The appeals to freedom of choice are a mockery: freedom of choice is always limited by initial conditions and only possible in a system with perfect flow of information, i.e., is just an ideal condition, a convenient narrative of domination which justifies many abuses. The sellers of organs do not know the full scenario but simply get into further trouble, buying themselves, at best, some extra-time: we are offering to the person a floating device so s/he can be saved to be properly eaten lately by the sharks. When we appeal for the freedom to decide upon our own body, we forget that such a right is denied at large throughout the world, as we see in the relation to the free use of drugs, or in war situations, or in terminal diseases: the restrictions on the freedom of choice for the individual in these three scenarios is inconsistent with the approval of a free live donor market. We have to decide, the body belongs to the individual or it does not. But even if we reach the civilized point of letting the individual decide upon his (her) life and body, the idea of a free market does not necessarily follows. Why should there be market conditions for human transplanting? The still on-going belief on the supernatural capacities of the invisible hand of the market, the old Laissez Faire, is an old superstition linked to other supernatural beliefs and has no grounds on economic data: market crisis are paid by the population at large through public funds.
There are not easy and straightforward rational solutions when ontologies are involved, especially when those are otherworld valuations. The live donor market problem has, nonetheless a solution based on human valuations. If we value life and freedom of choice we cannot interfere in the free donation of organs, but it seems rather perverse and human degrading the idea of solving (or even alleviating) poverty through merchandizing human body parts. Although prostitution reaches beyond the sex domain into realms of manipulation and domination, when we are dealing with body parts, nobody would sell a part of his/her body if the need for survival was not urgent. The control of the organ market by society will force other solutions for poverty, more permanent and consistent with the values that we are teaching to our children and write in our Constitutions, the values that can hold a community as a human social contract. From my point of view, our own life cannot be maintained at any price. We have reached to this point of social evolution precisely by standing against barbarisms and abuses. The ridicule and shallow proposals for a human life based only on money valuations, are an insult against intelligence, and therefore, against life.

Dworkin G. [1994]Markets and Morals. In: Dworkin G, ed. Morality, Harm and the Law.
Oxford: Westview. 1994. 155–61.
Frazer, James. [1922]. The Belief in Immortality and the Worship of the Dead. Vol. 2.  MacMillan and Co., London.
Radcliffe Richards J, Daar A, Guttmann R, et al. [1998] The case for allowing kidney sales. Lancet. 1998. 351:1950–2.
Rippon, Simon. [2012] Imposing options on people in poverty: the harm of a live donor organ market. JME. Med Ethics 2014;40:145–150.
Savulescu J.[2003] Is the sale of body parts wrong? JME 2003;29:138–9.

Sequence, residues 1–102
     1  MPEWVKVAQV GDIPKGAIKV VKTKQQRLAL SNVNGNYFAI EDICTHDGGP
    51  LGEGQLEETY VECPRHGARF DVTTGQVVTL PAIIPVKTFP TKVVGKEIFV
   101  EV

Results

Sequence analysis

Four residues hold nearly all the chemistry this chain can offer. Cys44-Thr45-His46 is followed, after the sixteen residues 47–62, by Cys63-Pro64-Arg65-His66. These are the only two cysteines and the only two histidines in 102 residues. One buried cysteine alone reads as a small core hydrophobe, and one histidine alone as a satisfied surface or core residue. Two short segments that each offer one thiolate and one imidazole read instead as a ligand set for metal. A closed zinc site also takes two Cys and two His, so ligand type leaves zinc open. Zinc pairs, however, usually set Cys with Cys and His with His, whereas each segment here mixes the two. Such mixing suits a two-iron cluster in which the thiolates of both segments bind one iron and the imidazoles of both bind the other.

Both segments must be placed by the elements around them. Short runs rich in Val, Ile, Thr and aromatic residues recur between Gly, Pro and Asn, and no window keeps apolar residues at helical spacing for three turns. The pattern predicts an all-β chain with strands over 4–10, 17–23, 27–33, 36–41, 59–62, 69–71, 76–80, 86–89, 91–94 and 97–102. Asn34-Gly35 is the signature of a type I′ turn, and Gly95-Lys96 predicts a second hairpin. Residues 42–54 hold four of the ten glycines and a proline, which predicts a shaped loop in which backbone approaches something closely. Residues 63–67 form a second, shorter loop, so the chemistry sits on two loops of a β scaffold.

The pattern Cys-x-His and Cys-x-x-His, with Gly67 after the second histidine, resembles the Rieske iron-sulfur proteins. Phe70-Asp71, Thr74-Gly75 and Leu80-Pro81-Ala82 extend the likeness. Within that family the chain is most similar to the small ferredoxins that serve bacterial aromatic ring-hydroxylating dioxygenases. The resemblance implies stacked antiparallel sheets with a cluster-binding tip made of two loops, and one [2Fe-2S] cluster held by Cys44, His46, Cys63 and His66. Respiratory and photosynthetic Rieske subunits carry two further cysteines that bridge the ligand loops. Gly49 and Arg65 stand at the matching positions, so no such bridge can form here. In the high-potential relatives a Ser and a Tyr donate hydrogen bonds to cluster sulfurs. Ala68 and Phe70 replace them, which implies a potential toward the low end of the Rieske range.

What is the purpose of prolonging life in painful terminal diseases?

Let us examine the problem from the point of view of a rational ethics based on anthropological grounds. By rational, I mean a discourse whose statements are not contradictory among themselves, and by anthropological grounds I mean a non-transcendental valuation of life, a human axiology. Particularly, I will use two anthropological ethic principles:
P.1 Principle of life preservation: We have to preserve human life.
P.2 Principle of primacy of the public interest: the life of the group has preference over the life of the individual. Human individual life is conditioned by the life of the group and subsumed to its needs. Not only my actions are rightful when they do not imply any sort of harm to others, but they cannot be autonomous when there is an urgent need of society: we work and die for the group whenever is needed. And since the needs of society are always urgent, life preservation is limited by public interest, as has always been the case with wars.

In relation to our question, we can imagine, at least, the following scenarios for a dying patient in pain:

1     The patient is sustained by public funds.      
           a. Society denies further sustenance for it is an incurable disease and cannot benefit from the              situation. 
      b. Society agrees to sustain the patient despite the non-economic benefits of the situation.
1.   The community wants the person to live longer in pain.
2.  The community wants the person to live longer but not in pain.
3.  The community leaves the choice to the individual.
2       The patient is self-sustained.
a.   Still the society wants to exercise the control.
1.    Society wants the individual to suffer.
2.    Society wants the individual to live longer but not to suffer.
b.  Society declares the case to be a private choice.

In the case 1.a, when the patient is sustained by private funds and society denies further sustenance, we are dealing with a rational choice according to principles 1 and 2, for P1 cannot be enacted (is a terminal disease), and there is nothing positive for the patient (supposing that s/he is driven by the principle of avoiding pain) in the situation. The rational action is assisted death.

The second choice has, in turn, three scenarios. The first one, 1.b.1 is not as rare as it would seem. Such is the case with criminals or by religious motives in which the valuation of pain extends beyond this life to other worlds. There are religious ethical values which consider suffering as a way for purgation in a context of otherworld scenarios. Here, is not the principle of life preservation what is at work, but a principle of punishments and rewards on a transmundane scale, which is contrary both to any anthropological principles and to the structure of most of our legal systems. Since this punishment does not serve any practical purpose for the community, beyond sadistic morbid satisfactions, it obeys only non-rational valuations, therefore are not part of a rational ethics.